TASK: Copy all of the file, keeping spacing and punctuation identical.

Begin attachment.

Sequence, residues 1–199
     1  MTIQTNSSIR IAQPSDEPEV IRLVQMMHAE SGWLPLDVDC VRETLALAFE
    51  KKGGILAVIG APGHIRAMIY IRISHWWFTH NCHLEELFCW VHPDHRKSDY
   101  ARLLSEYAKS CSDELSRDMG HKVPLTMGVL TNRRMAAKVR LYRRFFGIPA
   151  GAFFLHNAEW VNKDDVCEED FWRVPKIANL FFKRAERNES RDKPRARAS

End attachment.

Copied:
Sequence, residues 1–199
     1  MTIQTNSSIR IAQPSDEPEV IRLVQMMHAE SGWLPLDVDC VRETLALAFE
    51  KKGGILAVIG APGHIRAMIY IRISHWWFTH NCHLEELFCW VHPDHRKSDY
   101  ARLLSEYAKS CSDELSRDMG HKVPLTMGVL TNRRMAAKVR LYRRFFGIPA
   151  GAFFLHNAEW VNKDDVCEED FWRVPKIANL FFKRAERNES RDKPRARAS